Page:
Tutoring refugees can open doors for everyone

I have been tutoring adults in ESL for awhile now and every time I sit down with a woman or man from Ethiopia or Burma or Cambodia, I am in awe.

Not only did they make their way to Wisconsin to escape whatever hardships they were facing in their homeland (war, poverty, lack of education), they know little or no English at all – zip, zero, zilch.

What would it be like if I flew to Cambodia and couldn’t speak the language?  I’d be in freakout mode, I’m quite sure. Talk about having to rely on the kindness of strangers. I’ve had to do this on a number of occasions in foreign cities and not only is it humbling, it’s scary.

So I’m discovering how little I know about working with nonnative speakers and how far I need to go to make myself useful. For instance, how to teach someone to pronounce the “th” sound as in “thing” or “thought”? Not easy – a lot of head shaking and throat sounds at these times!

Or, how about the “ssss” sound at the end of the word “class”? Doesn’t come naturally for many students. Then, there is the challenge of explaining the difference between pronouncing October twelve and October twelfth and why it’s pronounced two different ways. I can’t even begin to start.

The students come Monday nights. They are mostly young women, but several men as well and I have read some of their stories on the wall of the basement room where I volunteer. Most of them are grateful to be here, many need/want jobs and all of them are so thankful for the real teachers who help them learn English so that they can get on with their lives in Milwaukee, Wisconsin and beyond.

I have only barely begun to understand their struggle to not only learn a new language but to adapt to a new culture. It’s humbling to me and at the same time exhilarating to be part of the process.

It has awakened in me my love for language and connecting with others and opened my eyes to the possibilities of tutoring and teaching more people to read, write and speak English.

I think of all the doors this can and will open for them and myself.

Connecting is what it’s all about.


Glow golf beats PGA for fun

When I was growing up in Brookfield in the early
’70s, Storms Golf was the place to be on a hot summer
night. Miniature golf was my favorite game and I always
beat my brothers at it. Ha!

Now that I’m all grown up, miniature golf doesn’t cut
it anymore, as I found out not too long ago. What do adults do
instead? They go Glow Golfing, of course (I had to say it).

After scrounging a few old clubs out of my basement, I met up with
three of my friends at Hanson Park one recent weekend evening. Problem No. 1: We only had three beverages among us on this sweltering evening. The second problem was that there was just 1 oz of mosquito repellent in the spray bottle and the sprayer didn’t work. Oh, yeah, finally, the third problem was that I needed two hands to hold the golf club and one to swat the skeeters.

Dozens of other glow golf fans joined us on the course. We kept up a good pace, if only because we didn’t want to stand still long enough
for the bloodsuckers to find us. But also because one of
us, namely me, took so many swings to hit the glow ball – even though it glowed – that the others naturally got restless and kept moving on.

I’ve never “glow-golfed” before and I have to say it was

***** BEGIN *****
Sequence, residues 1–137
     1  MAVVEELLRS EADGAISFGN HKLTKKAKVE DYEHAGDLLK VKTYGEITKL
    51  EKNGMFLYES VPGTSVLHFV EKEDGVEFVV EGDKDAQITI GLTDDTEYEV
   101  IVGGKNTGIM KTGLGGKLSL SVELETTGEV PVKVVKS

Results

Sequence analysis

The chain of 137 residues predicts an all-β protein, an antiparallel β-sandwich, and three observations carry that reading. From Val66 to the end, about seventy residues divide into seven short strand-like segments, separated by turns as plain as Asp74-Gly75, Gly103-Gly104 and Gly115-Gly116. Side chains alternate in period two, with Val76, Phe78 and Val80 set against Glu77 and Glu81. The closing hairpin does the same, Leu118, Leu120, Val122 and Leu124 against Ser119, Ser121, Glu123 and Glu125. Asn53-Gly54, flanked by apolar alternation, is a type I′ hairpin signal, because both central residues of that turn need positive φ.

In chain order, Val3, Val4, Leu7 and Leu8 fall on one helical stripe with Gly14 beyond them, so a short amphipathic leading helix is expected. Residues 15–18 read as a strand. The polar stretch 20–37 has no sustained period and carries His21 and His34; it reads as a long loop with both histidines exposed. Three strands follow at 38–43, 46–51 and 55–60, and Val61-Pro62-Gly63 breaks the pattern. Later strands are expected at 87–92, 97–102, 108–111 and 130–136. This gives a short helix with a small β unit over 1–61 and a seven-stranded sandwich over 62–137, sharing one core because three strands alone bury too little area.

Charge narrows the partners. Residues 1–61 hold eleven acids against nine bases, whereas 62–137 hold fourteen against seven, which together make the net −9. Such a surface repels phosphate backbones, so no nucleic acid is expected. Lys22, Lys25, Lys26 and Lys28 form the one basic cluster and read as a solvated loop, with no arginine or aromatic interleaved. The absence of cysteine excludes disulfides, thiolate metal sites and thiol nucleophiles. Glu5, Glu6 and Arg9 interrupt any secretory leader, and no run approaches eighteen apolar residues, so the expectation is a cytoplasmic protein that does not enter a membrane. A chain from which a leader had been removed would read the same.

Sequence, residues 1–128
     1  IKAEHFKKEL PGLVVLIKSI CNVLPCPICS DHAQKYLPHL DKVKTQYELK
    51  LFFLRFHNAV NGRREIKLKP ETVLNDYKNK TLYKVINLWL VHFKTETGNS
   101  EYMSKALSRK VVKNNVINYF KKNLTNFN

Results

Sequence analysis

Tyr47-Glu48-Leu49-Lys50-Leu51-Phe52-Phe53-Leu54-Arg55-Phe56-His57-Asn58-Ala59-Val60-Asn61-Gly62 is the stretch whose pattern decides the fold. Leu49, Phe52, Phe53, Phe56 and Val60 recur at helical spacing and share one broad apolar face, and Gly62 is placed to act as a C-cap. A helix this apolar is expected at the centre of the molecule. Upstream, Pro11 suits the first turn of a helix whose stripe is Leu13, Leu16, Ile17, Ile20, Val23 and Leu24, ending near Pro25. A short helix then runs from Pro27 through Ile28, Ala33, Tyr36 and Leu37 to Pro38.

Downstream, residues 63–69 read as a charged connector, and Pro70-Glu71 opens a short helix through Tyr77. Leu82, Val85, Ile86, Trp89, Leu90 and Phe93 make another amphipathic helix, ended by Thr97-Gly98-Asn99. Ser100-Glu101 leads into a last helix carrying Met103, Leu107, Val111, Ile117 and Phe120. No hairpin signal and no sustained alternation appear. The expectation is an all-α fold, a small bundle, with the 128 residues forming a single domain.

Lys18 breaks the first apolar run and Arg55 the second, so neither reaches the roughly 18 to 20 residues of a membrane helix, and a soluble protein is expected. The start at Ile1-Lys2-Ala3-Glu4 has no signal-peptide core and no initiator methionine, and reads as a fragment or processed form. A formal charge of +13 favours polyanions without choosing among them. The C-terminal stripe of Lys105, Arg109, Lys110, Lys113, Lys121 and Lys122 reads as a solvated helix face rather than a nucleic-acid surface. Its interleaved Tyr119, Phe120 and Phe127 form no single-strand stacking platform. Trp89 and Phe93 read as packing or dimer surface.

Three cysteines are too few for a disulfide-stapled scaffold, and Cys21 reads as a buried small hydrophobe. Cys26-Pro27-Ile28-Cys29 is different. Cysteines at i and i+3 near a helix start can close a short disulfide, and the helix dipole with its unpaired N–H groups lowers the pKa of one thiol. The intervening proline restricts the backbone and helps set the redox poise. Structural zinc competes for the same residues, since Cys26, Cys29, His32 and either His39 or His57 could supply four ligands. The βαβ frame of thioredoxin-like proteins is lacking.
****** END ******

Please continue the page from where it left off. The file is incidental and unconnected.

hilarious. At times the thought of being blind-sided by an
errant ball crossed my mind, but I tried to stay focused on
just getting to the next hole without losing my tee.

After the fourth or fifth hole we gave up keeping score
and methodically made our way to the ninth hole, swinging
at the ball as well as at mosquitoes all the way.

An hour later, we made it to the clubhouse with dozens of
bites but our fun barometer at “HIGH” level.

The next Glow Golf at Hanson Park is Friday August 20.

$15 for a round of golf including the glow ball.
Watching your friends chase each other around for the mosquito spray? Priceless.

This traffic jam was sweet!

Traffic jams are not all that bad. In fact, some are rather pleasant. I know because I was in one recently in Eagle. Yep, Eagle.

My two friends and I were on our way to Hunter’s Lake for an afternoon of swimming. This small lake is near Dousman,  in the heart of Kettle Moraine. I was driving my brother’s Mustang convertib le. It was sunny and I was on vacation. Love it. The car has a rebuilt engine that goes ba-bum, ba-bum, ba-bum – say it fast six times and you’ll get the picture of how COOL this car is.

Anyway….. men and trucks greeted us as we pulled onto Hwy 67 just outside of Eagle. The smell of hot tar permeated the air and cicadas announced our arrival at the construction zone. The driver behind me looked irritated. I looked up into the blue sky above and laughed.

The worker told me “You may as well turn off the engine, it’s going to be awhile.” So I did. We sat and baked. A long line of vehicles – oh, maybe 7 or 8 – sat motionlesss behind us.

Finally, he waved everyone to go ahead. I started up again and the traffic jam turned into a slow-moving current of cars inching their way along a single lane of road.

I won’t even begin to compare this with the traffic jam I got stuck in on the way to Noah’s Ark the following day with thousands of travelers on their way up north.

Not all traffic jams are alike.

Love animals? Then you need a reading

Hummingbirds have always held a special appeal for me. I nicknamed our house Hummingbird Hill when we first moved in to it back in 1997 after I saw the tiny creature fluttering around our windows on moving day.

Barbara Kruck on her patio.

When I picked the Hummingbird card from a deck of cards that was fanned out before me on a table recently, I didn’t understand the message at first.

“Joy” is the message, said my friend Barbara, who is from Wauwatosa and reads Animal Cards for friends and strangers alike. “You need to bring joy into your life… that is its message.”

OK, I could agree with that assessment. The last time I felt pure, simple joy was when I borrowed my brother’s ’66 Mustang and spent a couple of hours driving country roads in the heat of summer some years ago.  Top down, of course.

Barbara has a way with healing, and brings her compassionate touch to others in need of a little guidance. She does this with her Native American Animal Card readings.

I don’t know much about Native American culture, but Barbara does. She lives it, breathes, it, studies it. She’s traveled around the spiritually rich Sedona, Arizona many times, taken courses and workshops in Native American history and culture, and tunes in herself to the spiritual forces that surround us and can only be found in nature.